By Clarissa Ghere
Whether we want to admit it or not, some form of glory is in the middle of everything we do or pursue: our glory or God’s glory. Either way, you are pursuing some type of glory.
I was recently reading in a devotional by Dr. Paul David Tripp called New Morning Mercies. He writes:
“Life is all about glory. Sin is all about glory. Grace is all about glory. Spirituality is all about glory. Heaven and hell are all about glory. Submission and rebellion are all about glory. Love and hatred are all about glory. A life of demand and a life of service are both propelled by glory. Contentment and craving are both motivated by glory. Every word you speak and every action you take is directed by glory. Glory causes you to want some things and despise others. Glory makes you arrogant and causes you to be humble. Glory reduces you to a thief or motivates you to give. Glory makes your heart glad or causes it to be eaten with envy. Glory makes you constantly thankful for a Savior or causes you to forget he exists.”
All of us are hardwired for glory, either for ourselves or for God. There is no gray area. We can’t scoot over on the throne in our lives to make a little room for God to reign. He’s either on the throne, receiving all the glory for our lives, or we are ruling and pursing self-glorification.
If we truly understood God’s glory and how much of it He deserves, how different would our lives be? How much less would we focus on the things that make us feel good or that build us up in our own eyes? That would all seem so foolish and selfish if we realized what’s truly at stake here.
Why in the world would we elevate ourselves for self-glorification when we serve a holy and righteous God who deserves far more than we could feebly offer?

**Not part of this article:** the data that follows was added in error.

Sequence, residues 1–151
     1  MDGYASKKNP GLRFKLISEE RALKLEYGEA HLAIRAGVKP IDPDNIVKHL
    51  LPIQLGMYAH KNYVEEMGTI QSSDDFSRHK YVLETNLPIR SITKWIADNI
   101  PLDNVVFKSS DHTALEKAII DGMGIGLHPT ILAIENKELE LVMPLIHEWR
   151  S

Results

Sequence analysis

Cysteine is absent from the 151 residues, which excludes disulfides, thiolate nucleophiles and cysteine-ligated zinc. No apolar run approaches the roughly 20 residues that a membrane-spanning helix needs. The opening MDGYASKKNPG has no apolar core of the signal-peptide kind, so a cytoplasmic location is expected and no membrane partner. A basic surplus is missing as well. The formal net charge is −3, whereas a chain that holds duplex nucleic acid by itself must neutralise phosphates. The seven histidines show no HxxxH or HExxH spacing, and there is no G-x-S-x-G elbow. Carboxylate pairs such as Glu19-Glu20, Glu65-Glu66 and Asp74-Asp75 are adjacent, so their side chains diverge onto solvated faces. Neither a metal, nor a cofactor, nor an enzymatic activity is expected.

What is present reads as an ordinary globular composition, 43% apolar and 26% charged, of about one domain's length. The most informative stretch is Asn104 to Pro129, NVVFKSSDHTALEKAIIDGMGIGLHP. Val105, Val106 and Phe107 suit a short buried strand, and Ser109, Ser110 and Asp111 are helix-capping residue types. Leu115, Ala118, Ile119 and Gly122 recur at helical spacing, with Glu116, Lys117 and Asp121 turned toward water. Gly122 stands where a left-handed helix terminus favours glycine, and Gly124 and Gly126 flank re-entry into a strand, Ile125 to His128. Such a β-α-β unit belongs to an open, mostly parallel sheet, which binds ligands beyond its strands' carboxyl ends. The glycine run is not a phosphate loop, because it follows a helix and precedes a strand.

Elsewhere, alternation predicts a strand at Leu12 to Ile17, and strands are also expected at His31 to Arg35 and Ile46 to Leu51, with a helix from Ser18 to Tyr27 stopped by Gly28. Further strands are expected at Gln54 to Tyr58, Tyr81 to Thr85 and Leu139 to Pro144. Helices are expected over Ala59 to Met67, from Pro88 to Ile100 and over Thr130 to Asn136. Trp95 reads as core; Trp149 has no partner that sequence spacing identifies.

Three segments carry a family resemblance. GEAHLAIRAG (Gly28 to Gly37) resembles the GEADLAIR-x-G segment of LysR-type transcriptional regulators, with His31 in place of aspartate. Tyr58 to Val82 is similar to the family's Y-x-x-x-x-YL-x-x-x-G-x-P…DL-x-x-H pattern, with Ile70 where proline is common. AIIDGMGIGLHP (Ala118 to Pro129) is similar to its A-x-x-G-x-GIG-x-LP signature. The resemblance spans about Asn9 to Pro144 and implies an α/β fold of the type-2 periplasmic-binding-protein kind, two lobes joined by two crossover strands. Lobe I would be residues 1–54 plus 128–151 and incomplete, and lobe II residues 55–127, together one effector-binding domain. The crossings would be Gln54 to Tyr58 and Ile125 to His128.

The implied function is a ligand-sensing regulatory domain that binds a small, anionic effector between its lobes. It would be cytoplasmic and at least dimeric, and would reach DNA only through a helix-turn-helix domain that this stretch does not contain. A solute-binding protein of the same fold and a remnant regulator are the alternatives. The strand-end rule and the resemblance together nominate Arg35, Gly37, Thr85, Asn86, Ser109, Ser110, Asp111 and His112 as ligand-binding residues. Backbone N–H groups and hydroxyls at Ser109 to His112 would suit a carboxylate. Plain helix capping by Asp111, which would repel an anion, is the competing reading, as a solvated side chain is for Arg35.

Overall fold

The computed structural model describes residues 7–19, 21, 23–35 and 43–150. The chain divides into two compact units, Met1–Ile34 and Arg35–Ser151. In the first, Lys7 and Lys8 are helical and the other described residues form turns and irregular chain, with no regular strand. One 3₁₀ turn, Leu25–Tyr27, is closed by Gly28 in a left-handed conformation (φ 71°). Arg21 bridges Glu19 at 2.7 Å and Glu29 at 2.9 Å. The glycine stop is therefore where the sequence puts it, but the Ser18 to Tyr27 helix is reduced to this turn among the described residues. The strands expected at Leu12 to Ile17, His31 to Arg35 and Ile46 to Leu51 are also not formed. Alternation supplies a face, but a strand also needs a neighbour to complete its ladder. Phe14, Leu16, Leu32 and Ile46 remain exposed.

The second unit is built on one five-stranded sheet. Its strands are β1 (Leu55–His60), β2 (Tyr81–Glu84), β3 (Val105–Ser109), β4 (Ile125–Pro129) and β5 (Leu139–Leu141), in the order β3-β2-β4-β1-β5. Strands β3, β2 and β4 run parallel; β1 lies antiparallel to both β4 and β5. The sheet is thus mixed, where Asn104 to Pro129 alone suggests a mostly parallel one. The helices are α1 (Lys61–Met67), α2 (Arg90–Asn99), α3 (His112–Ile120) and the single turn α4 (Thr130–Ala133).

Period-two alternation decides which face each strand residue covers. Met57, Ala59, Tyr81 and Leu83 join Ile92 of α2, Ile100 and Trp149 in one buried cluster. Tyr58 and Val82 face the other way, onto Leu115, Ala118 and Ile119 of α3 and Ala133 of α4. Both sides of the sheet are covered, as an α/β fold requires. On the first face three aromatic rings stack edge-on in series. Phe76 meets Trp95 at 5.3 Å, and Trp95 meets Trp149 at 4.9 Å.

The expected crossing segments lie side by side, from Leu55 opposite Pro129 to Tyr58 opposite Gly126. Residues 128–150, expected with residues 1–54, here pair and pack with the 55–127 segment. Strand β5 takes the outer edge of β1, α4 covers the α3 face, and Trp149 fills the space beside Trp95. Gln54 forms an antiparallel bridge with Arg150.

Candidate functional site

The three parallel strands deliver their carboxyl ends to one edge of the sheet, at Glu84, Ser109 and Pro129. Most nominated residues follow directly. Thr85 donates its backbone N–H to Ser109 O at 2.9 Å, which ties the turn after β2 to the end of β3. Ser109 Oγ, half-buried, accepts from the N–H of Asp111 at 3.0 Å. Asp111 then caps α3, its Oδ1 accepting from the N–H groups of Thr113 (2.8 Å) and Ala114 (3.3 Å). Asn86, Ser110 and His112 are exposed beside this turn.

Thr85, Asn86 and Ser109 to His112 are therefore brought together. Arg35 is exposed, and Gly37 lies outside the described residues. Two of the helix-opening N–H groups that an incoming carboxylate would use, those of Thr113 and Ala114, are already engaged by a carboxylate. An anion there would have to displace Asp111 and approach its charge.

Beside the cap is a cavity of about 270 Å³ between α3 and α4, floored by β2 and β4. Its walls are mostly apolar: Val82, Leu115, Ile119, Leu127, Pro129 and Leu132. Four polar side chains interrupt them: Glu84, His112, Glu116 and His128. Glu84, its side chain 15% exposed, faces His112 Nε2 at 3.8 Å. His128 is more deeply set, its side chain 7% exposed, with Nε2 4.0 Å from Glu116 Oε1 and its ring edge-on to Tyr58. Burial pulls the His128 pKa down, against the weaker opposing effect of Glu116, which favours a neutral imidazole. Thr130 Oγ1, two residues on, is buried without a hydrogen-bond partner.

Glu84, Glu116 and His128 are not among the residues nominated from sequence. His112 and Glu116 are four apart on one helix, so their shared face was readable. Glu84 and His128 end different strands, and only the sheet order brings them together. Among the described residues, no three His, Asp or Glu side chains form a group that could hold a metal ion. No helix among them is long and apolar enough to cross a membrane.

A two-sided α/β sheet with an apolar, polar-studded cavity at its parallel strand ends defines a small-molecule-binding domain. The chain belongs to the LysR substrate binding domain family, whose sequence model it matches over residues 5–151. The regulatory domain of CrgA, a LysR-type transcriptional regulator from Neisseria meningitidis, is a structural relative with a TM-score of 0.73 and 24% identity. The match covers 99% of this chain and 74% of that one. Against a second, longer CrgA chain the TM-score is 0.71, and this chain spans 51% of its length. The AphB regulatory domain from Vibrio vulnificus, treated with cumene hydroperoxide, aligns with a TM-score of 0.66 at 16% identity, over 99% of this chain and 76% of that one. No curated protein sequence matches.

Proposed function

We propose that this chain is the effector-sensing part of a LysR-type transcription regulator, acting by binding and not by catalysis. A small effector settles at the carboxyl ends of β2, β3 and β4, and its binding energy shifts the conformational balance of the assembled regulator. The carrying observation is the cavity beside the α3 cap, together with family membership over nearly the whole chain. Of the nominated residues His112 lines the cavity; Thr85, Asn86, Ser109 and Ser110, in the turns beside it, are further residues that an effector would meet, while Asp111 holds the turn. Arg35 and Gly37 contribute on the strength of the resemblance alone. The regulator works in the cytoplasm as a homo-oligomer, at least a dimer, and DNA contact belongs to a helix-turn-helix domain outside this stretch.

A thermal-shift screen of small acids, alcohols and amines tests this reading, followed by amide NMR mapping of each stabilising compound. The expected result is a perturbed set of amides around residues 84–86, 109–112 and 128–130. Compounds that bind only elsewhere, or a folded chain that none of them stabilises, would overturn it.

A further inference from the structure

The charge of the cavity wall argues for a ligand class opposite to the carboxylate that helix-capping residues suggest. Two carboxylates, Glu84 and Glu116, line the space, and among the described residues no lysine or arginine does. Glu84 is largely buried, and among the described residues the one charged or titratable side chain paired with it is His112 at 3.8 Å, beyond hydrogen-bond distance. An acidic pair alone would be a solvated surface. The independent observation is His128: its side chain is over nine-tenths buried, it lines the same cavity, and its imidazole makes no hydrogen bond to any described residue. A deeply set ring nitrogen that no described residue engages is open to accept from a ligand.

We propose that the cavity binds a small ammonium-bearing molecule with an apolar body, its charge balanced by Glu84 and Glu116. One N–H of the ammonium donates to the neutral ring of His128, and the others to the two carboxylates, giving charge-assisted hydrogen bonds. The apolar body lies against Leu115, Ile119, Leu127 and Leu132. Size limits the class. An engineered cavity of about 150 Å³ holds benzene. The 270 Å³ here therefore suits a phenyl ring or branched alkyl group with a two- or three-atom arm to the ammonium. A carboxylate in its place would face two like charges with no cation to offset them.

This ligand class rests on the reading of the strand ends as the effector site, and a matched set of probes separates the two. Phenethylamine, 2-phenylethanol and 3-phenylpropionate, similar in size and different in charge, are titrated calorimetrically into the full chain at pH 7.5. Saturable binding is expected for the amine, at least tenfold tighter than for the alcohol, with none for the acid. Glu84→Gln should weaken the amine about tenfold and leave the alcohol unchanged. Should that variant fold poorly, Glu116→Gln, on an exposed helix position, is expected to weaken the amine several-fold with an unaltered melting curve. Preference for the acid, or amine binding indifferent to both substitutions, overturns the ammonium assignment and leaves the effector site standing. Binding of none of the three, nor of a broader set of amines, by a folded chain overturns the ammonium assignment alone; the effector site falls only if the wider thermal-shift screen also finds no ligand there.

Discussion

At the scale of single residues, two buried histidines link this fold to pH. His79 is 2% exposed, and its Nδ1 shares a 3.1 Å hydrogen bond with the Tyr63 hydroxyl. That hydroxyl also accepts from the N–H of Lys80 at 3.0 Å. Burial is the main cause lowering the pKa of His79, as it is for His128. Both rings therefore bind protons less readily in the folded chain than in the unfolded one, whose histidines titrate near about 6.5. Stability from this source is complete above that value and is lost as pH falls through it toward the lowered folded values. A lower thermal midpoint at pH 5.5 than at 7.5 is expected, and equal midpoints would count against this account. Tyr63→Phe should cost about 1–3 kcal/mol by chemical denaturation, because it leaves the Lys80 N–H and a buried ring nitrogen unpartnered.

Isaiah 6:1-4 is an excellent passage when we are in need of remembering how much glory God deserves.
“[…] I saw the Lord sitting upon a throne, high and lifted up; and the train of his robe filled the temple. Above him stood the seraphim. Each had six wings: with two he covered his face, and with two he covered his feet, and with two he flew. And one called to another and said: ‘Holy, holy, holy is the Lord of hosts; the whole earth is full of his glory!’ And the foundations of the thresholds shook at the voice of him who called, and the house was filled with smoke.”
What would it be like to be Isaiah in this moment? God gave him a vision of His splendor and glory! The humility and awe that Isaiah later shows in this passage is amazing. He knew he wasn’t worthy to see the glory of God, knowing how much of a sinner he was. Yet God, in His grace and mercy, made Isaiah clean by touching a coal to his lips. A severely painful process, I’m sure.
So, even in our ridiculous and proud human state, God gives us mercy each time we choose self-glorification over glorifying Him. Just like He gave mercy to Isaiah.
How great is our God that He continues to refine us! Even though it is painful sometimes, how merciful of Him to show us the glory He deserves and how He needs to be on the throne in our lives! May we never stop pursuing God’s glory and put to death the desire for our own glory.
How has God touched your life with a “hot coal?”